But Charles E.M. Kolb, deputy undersecretary of education, said reading scores from the National Assessment of Educational Progress--which is based on a representative national sample of students--show a similar pattern of stagnation.
"There may be shortcomings [with the sat and the act], and there may be methodological quibbles with the way they are administered," Mr. Kolb said, "but you can't get away from the fact that everybody is marching to the same tune."
But Mr. Honig pointed out that the overall college-entrance-test scores mask genuine improvements by minority students, who were taking the tests in larger numbers. Moreover, he noted, other naep results, including recently published scores in science and mathematics, show substantial gains in performance.
The scores "are not stagnating, they are growing steadily," Mr.el15lHonig said. "That's not to say we don't have a long way to go."
The 1990 report also noted that other measures of achievement suggest there have been gains at higher levels of performance.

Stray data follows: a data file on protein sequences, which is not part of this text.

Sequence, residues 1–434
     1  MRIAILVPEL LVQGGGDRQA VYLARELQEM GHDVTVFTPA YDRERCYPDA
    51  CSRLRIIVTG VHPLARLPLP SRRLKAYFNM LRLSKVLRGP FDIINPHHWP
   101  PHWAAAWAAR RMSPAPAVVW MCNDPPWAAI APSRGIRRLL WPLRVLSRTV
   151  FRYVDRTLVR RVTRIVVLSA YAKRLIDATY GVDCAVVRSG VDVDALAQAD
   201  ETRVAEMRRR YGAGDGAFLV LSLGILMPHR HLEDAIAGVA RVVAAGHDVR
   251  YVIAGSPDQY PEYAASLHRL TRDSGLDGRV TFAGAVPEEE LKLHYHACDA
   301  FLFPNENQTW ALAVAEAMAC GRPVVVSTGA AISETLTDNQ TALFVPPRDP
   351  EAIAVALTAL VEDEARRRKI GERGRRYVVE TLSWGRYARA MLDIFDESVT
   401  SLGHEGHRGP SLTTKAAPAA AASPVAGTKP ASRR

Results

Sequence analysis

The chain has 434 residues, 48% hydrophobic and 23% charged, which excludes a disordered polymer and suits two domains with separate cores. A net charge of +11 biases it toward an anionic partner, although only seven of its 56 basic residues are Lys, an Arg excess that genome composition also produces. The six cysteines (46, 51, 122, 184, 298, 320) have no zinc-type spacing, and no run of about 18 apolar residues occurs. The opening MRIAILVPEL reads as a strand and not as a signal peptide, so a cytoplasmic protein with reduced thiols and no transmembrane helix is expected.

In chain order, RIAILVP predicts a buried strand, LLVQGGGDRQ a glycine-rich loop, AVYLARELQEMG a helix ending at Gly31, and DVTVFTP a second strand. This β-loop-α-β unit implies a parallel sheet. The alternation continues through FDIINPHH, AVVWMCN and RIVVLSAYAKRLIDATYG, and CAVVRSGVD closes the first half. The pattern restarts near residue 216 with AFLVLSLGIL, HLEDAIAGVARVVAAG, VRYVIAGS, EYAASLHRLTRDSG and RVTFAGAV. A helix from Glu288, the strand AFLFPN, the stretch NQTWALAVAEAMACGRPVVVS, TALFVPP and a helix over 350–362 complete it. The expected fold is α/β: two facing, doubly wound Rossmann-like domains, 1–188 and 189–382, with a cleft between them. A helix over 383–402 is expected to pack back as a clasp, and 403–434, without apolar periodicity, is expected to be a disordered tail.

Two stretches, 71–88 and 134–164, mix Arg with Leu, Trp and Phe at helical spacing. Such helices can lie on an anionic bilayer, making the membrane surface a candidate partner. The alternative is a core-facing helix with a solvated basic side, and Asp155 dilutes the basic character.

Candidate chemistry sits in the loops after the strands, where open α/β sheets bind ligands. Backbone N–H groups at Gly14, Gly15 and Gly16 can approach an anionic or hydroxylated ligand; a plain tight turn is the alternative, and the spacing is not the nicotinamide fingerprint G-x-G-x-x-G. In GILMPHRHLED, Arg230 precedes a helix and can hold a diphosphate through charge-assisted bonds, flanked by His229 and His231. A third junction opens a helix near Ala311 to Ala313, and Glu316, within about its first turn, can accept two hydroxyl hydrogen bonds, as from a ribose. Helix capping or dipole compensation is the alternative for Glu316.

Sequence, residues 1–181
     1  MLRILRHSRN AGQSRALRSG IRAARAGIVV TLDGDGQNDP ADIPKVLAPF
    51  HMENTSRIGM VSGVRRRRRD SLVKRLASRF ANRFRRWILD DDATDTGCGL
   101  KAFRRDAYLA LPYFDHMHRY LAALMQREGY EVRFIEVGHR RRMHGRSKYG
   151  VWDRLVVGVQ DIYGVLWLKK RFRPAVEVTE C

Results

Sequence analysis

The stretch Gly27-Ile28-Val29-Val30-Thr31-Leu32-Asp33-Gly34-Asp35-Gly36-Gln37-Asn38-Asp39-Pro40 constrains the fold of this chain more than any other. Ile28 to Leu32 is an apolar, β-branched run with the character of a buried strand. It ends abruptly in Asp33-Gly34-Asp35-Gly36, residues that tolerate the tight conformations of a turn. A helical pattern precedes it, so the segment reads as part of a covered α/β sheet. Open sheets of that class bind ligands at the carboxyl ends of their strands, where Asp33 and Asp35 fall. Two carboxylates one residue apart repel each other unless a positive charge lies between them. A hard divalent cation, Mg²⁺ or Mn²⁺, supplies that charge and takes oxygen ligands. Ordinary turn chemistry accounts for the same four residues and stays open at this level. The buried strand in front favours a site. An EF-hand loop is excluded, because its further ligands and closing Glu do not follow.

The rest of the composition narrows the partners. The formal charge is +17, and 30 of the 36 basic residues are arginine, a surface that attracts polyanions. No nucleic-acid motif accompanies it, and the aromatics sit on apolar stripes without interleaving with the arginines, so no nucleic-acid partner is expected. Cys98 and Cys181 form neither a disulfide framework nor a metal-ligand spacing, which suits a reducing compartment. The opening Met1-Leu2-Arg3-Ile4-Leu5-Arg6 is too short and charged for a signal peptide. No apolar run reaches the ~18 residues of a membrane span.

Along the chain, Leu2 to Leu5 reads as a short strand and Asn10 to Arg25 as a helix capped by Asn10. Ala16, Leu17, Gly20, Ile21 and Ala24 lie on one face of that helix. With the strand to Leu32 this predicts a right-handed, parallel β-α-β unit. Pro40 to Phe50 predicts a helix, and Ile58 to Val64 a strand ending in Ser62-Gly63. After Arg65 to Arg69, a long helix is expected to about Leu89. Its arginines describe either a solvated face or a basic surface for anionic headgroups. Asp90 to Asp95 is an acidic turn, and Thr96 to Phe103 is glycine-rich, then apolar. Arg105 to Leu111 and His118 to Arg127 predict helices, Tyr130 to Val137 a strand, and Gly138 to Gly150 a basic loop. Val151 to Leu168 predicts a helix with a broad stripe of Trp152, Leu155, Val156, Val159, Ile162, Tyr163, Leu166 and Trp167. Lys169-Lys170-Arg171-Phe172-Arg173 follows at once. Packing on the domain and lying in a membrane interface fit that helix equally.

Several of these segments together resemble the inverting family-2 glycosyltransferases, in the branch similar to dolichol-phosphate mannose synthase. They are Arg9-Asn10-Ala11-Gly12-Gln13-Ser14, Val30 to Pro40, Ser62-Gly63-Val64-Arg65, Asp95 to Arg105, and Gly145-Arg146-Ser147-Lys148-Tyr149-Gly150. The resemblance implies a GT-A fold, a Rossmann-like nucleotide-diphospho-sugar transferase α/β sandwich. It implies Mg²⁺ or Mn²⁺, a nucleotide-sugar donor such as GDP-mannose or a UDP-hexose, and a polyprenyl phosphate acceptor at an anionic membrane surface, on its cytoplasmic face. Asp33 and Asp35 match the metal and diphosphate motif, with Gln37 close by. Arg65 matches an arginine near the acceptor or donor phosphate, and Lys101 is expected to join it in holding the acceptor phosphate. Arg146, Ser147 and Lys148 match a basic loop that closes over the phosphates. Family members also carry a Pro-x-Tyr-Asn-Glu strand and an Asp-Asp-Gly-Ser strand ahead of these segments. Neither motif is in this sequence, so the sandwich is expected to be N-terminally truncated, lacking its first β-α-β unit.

The number of schools offering Advanced Placement programs, for example, has climbed substantially since 1982. In 1989, 39.7 percent of high schools offered such programs, compared with 23.5 percent in 1982.
In addition, the proportion of students who earned high scores on the college-admission tests also increased over that period.
But the proportion of test takers who scored 3 or above on the ap tests--a level sufficient to earn credit at most colleges--declined in 1989.
The report also noted that graduation rates remained virtually unchanged between 1987 and 1988. Nationally, 71.1 percent of 9th graders graduated with their cohorts in 1988, compared with 71.7 percent the year before.
Among the states, the wall chart shows, Minnesota is already meeting and exceeding the national goal of having a 90 percent graduation rate. Wyoming and North Dakota are close behind. States with high admission-test scores tend to have high graduation rates, according to the statistical compilation.
But Gordon M. Ambach, executive director of the Council of Chief State School Officers, said the department's figures, which exclude students who earn a General Educational Development certificate, "grossly" underestimate the graduation rate.